Enbridge Track Record:

  • Enbridge has a shaky track record that includes 1,174 reportable spills, leaks and releases of liquid hydrocarbon products like crude oil and natural gas liquids since 1999.
  • Since 1999, Enbridge spills and other failures have released 181,311 barrels or 7,615,062 gallons of liquid hydrocarbons into the environment.
  • The number of spills per year from Enbridge pipelines has increased steadily from an average of 50 spills per year from 1999 to 2004 to an average of over 90 spills per year from 2010 to 2014.
  • In 2014, Enbridge was found to be in violation of its 1953 easement for Line 5, which requires bracing every 75 feet along Line 5. Several braces along Line 5 were missing along the lake bottom and the pipeline was unsupported in the water.
  • In December 2014, Enbridge was responsible for a pinhole leak in Line 5 in a section north of the Straits of Mackinac.
  • Enbridge’s negligence caused one of the worst and most expensive oil spills in U.S. history when Line 6b ruptured near Kalamazoo in 2010. Almost one million gallons of tar sands oil leaked for 17 hours before Enbridge shut down the line. Thirty-eight miles of river were contaminated. Clean-up costs for the spill were roughly $1 billion.
  • When Line 6b ruptured near Kalamazoo it was due to a defect that Enbridge was aware of, but did nothing about.
  • Earl Weener of the National Transportation Safety Board identified the following as causes of the catastrophic Line 6b spill: pervasive organizational failures at Enbridge, inadequate integrity management oversight and inadequate emergency response resources and procedures.
  • Based on Enbridge’s track record, we cannot trust this corporation to operate a pipeline safely in the Straits of Mackinac.

Problems:

  • Corrosion is the number one reason that pipelines fail. It’s not a question of if the pipeline will fail, but
  • The currents in the Straits are extremely forceful and unpredictable – imagine these currents moving the way water moves in a washing machine. If there were a spill from Line 5, oil would be churned up so much that it would be nearly impossible to clean up; oil would spread throughout Lakes Michigan and Huron for up to 85 miles, according to a 2014 University of Michigan study.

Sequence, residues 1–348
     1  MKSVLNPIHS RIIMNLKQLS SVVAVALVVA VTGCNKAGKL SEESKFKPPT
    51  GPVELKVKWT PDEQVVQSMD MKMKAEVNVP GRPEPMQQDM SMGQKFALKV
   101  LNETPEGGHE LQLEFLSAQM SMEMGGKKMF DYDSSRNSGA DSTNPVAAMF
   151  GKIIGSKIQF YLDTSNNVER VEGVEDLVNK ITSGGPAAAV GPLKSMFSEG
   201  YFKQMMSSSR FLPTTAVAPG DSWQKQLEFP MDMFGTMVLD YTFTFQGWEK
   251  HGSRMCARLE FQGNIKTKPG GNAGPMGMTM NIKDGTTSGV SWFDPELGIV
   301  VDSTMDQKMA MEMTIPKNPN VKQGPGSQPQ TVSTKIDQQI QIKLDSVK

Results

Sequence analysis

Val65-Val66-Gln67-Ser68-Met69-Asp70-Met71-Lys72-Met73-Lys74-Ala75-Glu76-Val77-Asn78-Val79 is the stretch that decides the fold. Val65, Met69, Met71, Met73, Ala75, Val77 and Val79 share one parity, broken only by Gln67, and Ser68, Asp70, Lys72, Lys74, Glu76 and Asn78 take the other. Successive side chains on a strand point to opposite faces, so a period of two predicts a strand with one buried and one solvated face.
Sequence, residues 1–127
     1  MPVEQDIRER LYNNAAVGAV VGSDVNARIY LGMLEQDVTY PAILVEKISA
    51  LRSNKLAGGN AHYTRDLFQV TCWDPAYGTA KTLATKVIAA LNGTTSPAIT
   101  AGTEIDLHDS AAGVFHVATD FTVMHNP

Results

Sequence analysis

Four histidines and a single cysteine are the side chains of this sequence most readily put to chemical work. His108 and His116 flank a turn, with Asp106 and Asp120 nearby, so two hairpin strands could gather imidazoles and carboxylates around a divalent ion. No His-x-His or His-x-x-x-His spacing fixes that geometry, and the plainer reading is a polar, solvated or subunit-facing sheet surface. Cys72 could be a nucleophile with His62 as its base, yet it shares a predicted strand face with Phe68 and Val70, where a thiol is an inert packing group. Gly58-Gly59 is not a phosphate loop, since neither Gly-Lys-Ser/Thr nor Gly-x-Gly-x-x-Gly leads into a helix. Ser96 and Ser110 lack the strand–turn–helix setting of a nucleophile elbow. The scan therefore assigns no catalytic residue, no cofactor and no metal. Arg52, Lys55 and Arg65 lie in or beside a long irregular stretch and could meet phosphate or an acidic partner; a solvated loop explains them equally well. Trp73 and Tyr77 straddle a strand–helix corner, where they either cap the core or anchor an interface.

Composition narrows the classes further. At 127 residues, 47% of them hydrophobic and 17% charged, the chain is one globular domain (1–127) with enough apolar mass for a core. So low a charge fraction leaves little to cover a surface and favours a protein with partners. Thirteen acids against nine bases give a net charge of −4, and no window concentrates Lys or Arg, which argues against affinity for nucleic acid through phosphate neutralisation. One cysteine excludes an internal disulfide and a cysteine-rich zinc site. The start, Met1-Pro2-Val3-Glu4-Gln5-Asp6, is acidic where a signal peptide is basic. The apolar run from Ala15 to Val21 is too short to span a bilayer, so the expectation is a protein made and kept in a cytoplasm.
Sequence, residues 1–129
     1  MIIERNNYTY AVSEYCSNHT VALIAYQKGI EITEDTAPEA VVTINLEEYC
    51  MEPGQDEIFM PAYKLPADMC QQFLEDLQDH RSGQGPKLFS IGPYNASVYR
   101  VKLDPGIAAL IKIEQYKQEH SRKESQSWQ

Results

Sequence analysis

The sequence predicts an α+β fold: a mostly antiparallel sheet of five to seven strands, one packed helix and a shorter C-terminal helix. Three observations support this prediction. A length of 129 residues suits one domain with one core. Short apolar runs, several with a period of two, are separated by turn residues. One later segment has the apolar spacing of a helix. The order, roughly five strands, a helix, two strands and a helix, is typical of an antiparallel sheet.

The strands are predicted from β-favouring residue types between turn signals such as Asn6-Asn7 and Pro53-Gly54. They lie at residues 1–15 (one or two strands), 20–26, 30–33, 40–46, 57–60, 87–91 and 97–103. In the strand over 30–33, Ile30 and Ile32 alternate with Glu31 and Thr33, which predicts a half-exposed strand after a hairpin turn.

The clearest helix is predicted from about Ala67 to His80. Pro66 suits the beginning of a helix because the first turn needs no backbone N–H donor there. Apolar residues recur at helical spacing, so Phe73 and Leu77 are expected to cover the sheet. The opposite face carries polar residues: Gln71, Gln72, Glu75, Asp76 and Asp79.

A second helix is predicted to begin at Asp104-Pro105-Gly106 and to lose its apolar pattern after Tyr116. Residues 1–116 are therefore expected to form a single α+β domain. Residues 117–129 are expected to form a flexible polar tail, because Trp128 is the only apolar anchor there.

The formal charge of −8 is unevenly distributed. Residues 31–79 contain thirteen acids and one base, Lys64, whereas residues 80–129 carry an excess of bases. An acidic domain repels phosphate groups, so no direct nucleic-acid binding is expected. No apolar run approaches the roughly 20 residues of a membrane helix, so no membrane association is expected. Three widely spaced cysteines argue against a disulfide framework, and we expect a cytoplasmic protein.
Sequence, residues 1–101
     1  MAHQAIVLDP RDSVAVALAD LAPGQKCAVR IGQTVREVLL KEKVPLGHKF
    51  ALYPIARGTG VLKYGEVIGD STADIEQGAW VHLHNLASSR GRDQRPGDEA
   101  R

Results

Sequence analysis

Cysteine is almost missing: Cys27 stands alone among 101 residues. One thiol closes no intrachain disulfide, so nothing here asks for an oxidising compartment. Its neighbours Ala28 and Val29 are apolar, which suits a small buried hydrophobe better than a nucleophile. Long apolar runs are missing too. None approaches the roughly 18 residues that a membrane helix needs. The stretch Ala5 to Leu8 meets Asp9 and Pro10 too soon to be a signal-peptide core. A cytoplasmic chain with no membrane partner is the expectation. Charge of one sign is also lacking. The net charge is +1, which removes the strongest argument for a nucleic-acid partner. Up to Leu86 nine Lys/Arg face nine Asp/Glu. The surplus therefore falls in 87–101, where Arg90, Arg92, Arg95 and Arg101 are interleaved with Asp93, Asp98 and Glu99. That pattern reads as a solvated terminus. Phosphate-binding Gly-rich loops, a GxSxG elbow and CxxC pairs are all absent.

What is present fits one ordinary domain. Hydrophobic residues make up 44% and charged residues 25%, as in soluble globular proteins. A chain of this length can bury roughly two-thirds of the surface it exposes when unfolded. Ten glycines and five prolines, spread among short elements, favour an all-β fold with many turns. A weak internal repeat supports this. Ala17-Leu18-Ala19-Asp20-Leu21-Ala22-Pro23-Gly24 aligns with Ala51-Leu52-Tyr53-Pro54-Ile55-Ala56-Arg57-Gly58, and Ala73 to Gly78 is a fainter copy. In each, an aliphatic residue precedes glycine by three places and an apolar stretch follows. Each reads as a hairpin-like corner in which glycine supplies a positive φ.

• Line 5 was built before the Great Lakes Submerged Lands Act was adopted so Enbridge didn’t have to obtain a permit and ensure that the pipeline wouldn’t pose a threat to the waters of the state or the public’s use of those waters.
  • When it was built, Line 5’s life expectancy was 40-50 years.
  • The U.S. Coast Guard Commandant testified before Congress in 2015 that the Coast Guard would be unable to respond effectively to an open water oil spill in the Great Lakes.
  • According to Steven Keck of the U.S. Coast Guard, if waves in the Straits are higher than three feet or if it is night/dark the Coast Guard would not put people on the water to recover oil.
  • According to state officials, if a spill occurred in the Straits there would be no visible cleanup activity in the first hours or perhaps even the first days after the oil spilled, as response crews and equipment arrive from other regions of the country.
  • Local emergency response teams would be the first to respond and the first put in harm’s way.
  • There is no real plan for how to recover oil in the event of a leak in winter when the lakes are covered with ice.
  • In September 2015 Enbridge conducted a spill response drill in the Straits and preliminary reports show that only 30 percent of the oil would be able to be recovered.
  • If a spill were to occur in the Lakes, Mackinac Island and St. Ignace would likely lose access to drinking water immediately, and ferry service to and from Mackinac Island would be stopped leaving islanders and tourists without drinking water or a way to get off the Island.

Solutions:

  • It is easier to protect Michigan’s waters and environment by preventing contamination or environmental degradation rather than attempting to clean up contamination and restore degraded environments and local communities after a spill.
  • The state could make Enbridge submit an application for Line 5 under the Great Lakes Submerged Lands Act and subject it to that approval process.
  • Public Trust Doctrine and Act 10 of 1953 provide the state with the authority, when faced with uncertainty of devastating or serious harm, take action to prevent harm, rather than waiting for a catastrophe or harm to occur.
  • We need to keep fossil fuels in the ground, and make a real investment in energy efficiency, renewable energy and green jobs.